Japan Airlines (JAL) appears to be resigned to the idea that there will be no quick fix for the Boeing 787 battery problem, and it anticipates that it may take as long as two months to implement a solution.

“We hope that the time it takes to fix the problem will be no more than a month, or two months maximum,” JAL Chairman Masaru Onishi told Aviation Week on Jan. 31 during a Oneworld event in Kuala Lumpur to mark Malaysia Airlines’ entry into the alliance.

“I really hope [to see Boeing] fix this safety issue as soon as possible,” he says. “We have had so many discussions with Boeing and they are doing their best to fix it.”

Onishi downplays the impact on his company by pointing out that JAL only has six 787s, far fewer than All Nippon Airways (ANA). “The damage is not so huge for us,” he says.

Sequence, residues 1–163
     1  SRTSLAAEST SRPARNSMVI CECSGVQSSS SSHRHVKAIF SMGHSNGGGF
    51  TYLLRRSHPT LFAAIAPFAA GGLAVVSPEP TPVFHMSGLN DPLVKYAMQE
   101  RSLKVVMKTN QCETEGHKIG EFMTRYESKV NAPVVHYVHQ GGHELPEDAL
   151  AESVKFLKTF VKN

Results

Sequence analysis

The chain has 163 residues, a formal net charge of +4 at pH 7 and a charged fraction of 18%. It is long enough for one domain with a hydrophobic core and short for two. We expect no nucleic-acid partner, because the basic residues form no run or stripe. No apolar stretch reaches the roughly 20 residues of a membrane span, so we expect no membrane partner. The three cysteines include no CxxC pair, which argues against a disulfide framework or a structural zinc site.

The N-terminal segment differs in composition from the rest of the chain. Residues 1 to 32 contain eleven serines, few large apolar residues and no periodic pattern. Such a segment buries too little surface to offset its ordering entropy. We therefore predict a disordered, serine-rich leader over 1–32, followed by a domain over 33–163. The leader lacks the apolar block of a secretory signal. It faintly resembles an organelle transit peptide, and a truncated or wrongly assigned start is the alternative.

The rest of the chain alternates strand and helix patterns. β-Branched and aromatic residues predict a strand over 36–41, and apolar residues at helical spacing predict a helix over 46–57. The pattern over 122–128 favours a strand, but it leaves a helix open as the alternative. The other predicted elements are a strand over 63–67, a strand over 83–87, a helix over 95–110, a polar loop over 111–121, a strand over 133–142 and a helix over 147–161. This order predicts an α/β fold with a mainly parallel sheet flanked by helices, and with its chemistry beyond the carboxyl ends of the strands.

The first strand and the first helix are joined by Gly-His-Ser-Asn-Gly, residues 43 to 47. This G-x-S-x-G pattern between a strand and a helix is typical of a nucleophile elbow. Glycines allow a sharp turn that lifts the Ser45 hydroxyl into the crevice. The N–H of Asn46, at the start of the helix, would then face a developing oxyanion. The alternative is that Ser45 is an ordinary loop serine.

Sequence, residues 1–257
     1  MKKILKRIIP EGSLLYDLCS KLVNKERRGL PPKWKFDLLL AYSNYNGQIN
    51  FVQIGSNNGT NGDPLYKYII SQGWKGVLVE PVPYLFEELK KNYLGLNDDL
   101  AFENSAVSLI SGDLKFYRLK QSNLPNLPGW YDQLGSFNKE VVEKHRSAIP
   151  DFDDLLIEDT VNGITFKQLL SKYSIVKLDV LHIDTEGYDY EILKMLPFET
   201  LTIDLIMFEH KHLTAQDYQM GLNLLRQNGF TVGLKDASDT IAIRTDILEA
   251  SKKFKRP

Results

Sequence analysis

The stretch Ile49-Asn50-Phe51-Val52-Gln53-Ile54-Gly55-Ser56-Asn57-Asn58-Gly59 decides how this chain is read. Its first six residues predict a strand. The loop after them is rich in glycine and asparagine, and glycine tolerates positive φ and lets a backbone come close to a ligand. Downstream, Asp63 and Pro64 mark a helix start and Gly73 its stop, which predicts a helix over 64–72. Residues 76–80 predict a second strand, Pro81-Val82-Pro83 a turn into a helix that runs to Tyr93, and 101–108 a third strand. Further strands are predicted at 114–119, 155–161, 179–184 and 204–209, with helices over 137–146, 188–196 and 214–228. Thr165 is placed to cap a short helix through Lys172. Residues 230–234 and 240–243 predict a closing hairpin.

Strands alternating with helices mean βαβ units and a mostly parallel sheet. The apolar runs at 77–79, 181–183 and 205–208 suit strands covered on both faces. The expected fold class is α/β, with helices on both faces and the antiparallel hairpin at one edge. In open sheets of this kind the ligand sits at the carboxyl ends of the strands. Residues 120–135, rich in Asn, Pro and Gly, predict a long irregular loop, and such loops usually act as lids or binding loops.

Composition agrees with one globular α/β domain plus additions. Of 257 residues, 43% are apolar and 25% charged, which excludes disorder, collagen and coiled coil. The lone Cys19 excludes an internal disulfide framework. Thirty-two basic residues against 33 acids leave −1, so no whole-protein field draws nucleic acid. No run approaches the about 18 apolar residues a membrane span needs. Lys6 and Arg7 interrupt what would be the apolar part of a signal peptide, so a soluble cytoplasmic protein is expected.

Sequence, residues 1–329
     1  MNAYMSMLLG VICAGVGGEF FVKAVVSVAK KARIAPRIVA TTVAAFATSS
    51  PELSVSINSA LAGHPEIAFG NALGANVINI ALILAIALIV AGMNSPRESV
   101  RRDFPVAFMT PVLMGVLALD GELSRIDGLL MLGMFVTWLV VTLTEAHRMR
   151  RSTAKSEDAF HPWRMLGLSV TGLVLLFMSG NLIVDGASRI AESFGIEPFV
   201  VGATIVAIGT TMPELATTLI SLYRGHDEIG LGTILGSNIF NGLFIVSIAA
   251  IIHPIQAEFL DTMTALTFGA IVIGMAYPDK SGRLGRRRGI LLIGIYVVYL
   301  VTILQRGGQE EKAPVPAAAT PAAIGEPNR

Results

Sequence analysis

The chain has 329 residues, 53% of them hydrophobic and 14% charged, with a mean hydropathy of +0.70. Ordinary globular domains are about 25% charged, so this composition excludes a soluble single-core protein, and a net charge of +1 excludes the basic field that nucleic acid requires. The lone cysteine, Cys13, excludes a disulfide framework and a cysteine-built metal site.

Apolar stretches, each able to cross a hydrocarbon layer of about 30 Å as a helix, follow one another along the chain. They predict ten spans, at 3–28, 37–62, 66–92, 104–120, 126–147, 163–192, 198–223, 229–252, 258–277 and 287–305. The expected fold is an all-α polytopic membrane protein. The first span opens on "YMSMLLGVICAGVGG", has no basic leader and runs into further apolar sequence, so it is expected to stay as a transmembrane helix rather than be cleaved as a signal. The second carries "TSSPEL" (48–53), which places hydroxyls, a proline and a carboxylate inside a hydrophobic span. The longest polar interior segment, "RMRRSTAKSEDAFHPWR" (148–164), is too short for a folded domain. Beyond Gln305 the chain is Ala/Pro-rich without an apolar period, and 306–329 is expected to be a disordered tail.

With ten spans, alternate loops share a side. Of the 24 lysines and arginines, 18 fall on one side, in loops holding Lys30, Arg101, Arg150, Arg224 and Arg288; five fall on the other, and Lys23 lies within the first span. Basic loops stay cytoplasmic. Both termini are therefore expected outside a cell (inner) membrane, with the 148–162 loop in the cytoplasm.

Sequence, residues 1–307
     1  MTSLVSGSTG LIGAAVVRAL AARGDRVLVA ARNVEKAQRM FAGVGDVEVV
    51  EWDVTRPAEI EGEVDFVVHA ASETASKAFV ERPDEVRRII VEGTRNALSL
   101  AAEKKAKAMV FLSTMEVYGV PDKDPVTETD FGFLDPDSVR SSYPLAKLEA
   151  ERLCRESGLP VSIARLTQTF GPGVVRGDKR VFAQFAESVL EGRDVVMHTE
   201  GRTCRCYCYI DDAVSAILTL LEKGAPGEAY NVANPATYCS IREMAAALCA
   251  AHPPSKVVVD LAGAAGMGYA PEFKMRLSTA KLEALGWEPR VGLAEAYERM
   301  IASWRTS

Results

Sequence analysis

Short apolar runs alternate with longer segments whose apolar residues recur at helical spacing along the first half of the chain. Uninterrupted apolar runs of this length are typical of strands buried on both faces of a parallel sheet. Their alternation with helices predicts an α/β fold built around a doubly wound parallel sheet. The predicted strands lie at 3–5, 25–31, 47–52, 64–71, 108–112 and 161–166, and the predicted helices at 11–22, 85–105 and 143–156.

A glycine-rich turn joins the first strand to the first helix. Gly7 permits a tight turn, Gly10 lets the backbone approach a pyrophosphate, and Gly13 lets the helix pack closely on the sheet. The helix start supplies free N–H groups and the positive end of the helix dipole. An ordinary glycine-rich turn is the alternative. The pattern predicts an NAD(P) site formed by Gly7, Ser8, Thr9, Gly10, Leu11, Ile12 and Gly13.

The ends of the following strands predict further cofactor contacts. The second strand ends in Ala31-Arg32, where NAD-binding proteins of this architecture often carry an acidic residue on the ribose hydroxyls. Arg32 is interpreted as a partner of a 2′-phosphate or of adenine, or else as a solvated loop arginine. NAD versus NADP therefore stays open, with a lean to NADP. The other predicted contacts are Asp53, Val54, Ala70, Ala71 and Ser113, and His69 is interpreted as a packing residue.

While JAL had to transfer some trans-Pacific passengers to its Oneworld alliance partner American Airlines immediately following the 787 groundings, it did not transfer passengers to ANA flights, says Onishi. However, he says ANA did have to transfer some of its domestic passengers to JAL.

When asked if JAL will be seeking compensation from Boeing, Onishi says, “We don’t want to focus on such issues now.”

Onishi says JAL will not be canceling any of its 787 orders.